Here’s Something Trump and the Chinese President Agree on

December 16, 2015, 5:16 PM UTC

Donald Trump, the Republican U.S. presidential candidate, and Chinese president Xi Jinping—an unlikely pair if there ever was one—agree on one important point: Nations should be able to control the Internet and who can access what.

Tuesday night during the GOP debate, Trump said the U.S. should keep ISIS from using the Internet to recruit young people and plot against the U.S.

“We need to get brilliant people from Silicon Valley and other places to figure out a way,” he noted. “I don’t want them using our Internet to take our young, impressionable youth,” Trump said in a response to a question from CNN’s Wolf Blitzer.

He added that the U.S. first needs to “figure out a way so ISIS cannot use the Internet and second we should be able to penetrate the Internet to find out where ISIS is. I would certainly be open to closing areas where we are at war with somebody,” Trump said. (Here is CNN’s video of his remarks.)

Last week, Trump referred to “closing the Internet up in some way” when he called for a ban on the immigration of Muslims to the U.S.

On Wednesday, President Xi said nations should be able to control their own online destiny. Speaking at the World Internet Conference in China’s Zhejiang province, Xi said countries should be able to set their developmental and regulatory policies, in what the BBC said was a signal that cybersecurity and controls are now a priority for Xi’s government.

Calls to segment and isolate portions of the Internet flies in the face of what the worldwide network was built to do—provide a boundary-less communications conduit for people and businesses.

China has long had a problematic track record here, at least from a U.S. point of view. The country has a long history of censorship and controls, which have posed a hurdle to U.S. businesses trying to penetrate that market. It blocks hundreds of Internet sites based outside the country, for example.

Google (GOOG) famously decided to close its search engine business in China five years ago in part because of these rules, but in the past two years other U.S. cloud providers—Amazon (AMZN) Web Services, Microsoft (MSFT), and IBM (IBM) for example—have rushed into China to set up cloud computing services, mostly via partnerships with Chinese national companies. The lure of the potential market size is just too strong to stay away. Even Google is starting to inch back into China.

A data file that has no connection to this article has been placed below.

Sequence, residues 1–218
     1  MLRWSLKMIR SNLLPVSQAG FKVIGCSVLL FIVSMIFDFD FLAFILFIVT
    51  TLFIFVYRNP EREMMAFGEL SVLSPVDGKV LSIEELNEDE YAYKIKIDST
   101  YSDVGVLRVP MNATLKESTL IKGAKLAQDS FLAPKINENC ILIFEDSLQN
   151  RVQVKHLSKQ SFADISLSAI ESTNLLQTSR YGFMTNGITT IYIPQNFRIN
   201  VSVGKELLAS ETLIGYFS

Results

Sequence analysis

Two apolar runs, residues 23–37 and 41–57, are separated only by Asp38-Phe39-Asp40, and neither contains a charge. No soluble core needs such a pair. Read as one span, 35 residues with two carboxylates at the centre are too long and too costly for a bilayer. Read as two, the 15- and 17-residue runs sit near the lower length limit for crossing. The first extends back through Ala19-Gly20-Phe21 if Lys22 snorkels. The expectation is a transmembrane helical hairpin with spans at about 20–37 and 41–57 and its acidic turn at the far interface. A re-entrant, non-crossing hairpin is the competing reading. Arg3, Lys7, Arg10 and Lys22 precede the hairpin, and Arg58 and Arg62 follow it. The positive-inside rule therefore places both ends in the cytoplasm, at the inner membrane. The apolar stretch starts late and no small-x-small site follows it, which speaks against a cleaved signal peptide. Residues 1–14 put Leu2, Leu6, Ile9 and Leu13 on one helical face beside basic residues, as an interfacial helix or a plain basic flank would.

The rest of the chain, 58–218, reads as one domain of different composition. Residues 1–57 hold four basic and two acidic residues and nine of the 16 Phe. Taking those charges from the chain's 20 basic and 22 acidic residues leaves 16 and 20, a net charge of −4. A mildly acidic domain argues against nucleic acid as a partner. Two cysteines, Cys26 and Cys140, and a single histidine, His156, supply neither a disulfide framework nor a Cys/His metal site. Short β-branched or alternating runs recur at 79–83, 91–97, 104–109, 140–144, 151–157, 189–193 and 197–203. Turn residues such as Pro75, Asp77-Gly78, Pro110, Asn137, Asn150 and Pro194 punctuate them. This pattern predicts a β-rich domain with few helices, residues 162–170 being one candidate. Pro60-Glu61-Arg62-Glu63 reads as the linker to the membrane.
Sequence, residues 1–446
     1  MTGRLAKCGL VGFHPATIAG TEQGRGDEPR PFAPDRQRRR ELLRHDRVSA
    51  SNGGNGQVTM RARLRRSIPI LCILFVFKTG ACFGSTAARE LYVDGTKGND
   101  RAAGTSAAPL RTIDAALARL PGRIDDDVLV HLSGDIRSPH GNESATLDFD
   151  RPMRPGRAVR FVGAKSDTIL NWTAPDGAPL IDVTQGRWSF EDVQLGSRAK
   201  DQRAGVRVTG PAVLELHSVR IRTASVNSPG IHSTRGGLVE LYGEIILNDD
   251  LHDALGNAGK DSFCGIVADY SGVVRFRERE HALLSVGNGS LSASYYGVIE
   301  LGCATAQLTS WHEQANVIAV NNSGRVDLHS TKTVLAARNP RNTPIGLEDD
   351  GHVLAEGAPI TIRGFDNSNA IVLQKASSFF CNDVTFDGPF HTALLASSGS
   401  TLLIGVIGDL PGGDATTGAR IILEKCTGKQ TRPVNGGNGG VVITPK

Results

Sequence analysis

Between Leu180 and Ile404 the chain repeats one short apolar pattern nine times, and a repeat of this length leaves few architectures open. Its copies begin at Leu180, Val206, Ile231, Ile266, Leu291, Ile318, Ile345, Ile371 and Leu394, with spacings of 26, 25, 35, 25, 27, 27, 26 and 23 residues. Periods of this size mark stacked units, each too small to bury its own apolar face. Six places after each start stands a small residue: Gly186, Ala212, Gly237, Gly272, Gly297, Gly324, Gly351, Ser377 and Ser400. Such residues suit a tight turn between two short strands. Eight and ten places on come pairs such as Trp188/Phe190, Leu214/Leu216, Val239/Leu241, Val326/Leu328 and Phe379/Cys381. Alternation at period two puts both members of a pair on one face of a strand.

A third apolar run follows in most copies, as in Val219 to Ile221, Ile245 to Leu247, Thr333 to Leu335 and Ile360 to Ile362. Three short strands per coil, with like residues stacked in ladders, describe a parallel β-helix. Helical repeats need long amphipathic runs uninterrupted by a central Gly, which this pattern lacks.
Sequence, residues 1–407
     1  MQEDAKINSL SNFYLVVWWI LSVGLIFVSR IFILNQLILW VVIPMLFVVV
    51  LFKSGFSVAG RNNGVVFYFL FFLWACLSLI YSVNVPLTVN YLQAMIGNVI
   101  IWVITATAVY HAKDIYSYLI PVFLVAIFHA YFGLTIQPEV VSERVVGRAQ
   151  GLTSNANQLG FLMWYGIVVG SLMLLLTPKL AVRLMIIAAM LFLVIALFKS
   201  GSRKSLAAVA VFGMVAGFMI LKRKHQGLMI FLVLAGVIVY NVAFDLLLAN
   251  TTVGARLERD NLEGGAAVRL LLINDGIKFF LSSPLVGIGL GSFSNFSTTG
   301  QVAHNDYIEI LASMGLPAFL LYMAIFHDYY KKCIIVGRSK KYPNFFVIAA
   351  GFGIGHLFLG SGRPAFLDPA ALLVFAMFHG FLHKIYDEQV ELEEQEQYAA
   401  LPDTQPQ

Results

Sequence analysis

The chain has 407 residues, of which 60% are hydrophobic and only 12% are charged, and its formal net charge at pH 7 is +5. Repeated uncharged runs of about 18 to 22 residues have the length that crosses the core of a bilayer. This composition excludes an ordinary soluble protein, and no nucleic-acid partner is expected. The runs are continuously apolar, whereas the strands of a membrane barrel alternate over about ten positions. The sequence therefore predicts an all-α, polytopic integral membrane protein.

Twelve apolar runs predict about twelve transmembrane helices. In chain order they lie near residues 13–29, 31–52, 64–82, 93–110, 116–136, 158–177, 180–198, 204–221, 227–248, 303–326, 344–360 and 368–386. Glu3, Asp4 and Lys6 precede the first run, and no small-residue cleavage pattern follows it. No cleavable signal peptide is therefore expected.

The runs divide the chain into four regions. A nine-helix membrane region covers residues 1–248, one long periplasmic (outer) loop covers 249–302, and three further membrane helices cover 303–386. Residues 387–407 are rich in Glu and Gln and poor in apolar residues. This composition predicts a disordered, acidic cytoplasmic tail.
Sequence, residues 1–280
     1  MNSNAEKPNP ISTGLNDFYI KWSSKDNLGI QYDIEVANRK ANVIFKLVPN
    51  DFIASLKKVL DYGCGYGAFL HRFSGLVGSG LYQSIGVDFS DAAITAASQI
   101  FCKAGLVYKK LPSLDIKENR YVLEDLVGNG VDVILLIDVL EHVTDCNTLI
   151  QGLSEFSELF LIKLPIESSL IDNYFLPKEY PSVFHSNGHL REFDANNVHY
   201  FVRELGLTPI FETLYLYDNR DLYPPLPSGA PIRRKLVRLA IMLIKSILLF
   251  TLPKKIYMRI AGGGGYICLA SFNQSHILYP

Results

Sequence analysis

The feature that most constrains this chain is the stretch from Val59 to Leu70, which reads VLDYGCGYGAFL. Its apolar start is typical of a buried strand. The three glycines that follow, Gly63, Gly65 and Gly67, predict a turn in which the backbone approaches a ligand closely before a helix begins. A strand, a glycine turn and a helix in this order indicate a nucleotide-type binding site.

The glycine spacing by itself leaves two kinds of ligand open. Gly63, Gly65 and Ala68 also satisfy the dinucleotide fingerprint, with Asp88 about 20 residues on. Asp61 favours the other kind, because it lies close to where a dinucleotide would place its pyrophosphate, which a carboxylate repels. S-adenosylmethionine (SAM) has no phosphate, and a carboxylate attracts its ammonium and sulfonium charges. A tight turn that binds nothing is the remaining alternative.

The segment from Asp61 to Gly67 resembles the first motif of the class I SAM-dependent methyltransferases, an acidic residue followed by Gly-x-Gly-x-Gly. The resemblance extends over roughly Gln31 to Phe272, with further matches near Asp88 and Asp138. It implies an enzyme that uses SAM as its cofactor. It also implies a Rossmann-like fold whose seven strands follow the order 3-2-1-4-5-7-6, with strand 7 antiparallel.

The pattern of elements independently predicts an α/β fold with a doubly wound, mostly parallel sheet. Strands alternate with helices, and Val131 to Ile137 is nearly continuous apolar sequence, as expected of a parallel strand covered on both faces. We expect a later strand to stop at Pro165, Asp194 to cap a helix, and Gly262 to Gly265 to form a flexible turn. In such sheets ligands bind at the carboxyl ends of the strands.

And China has its own Internet giants in the form of Alibaba (BABA), Baidu (BIDU), and Tencent, all of which want to keep their hold on Chinese business while also expanding outside.

Xi’s point is that China, with its estimated 650 million Internet surfers, should be at the table when Internet and cybersecurity policies are decided. The security issue is a particular sore point given that U.S. and Chinese officials have traded charges of state-sponsored espionage over the past few years.

Trump went on to clarify that he only wanted to close Internet access in certain areas where ISIS is strong so his call to action is more circumscribed than China’s Internet policy. He also holds no official office so his words, despite the media frenzy, are a long way from reality. But there is a receptive audience to what he’s saying, so it would be foolhardy to disregard his message entirely.


For more from Barb, you can follow her on Twitter @gigabarb; read her Fortune coverage at; or subscribe via her RSS feed.

And please subscribe to Data Sheet, Fortune’s daily newsletter on the business of technology.

Subscribe to Well Adjusted, our newsletter full of simple strategies to work smarter and live better, from the Fortune Well team. Sign up today.

Read More

Artificial IntelligenceCryptocurrencyMetaverseCybersecurityTech Forward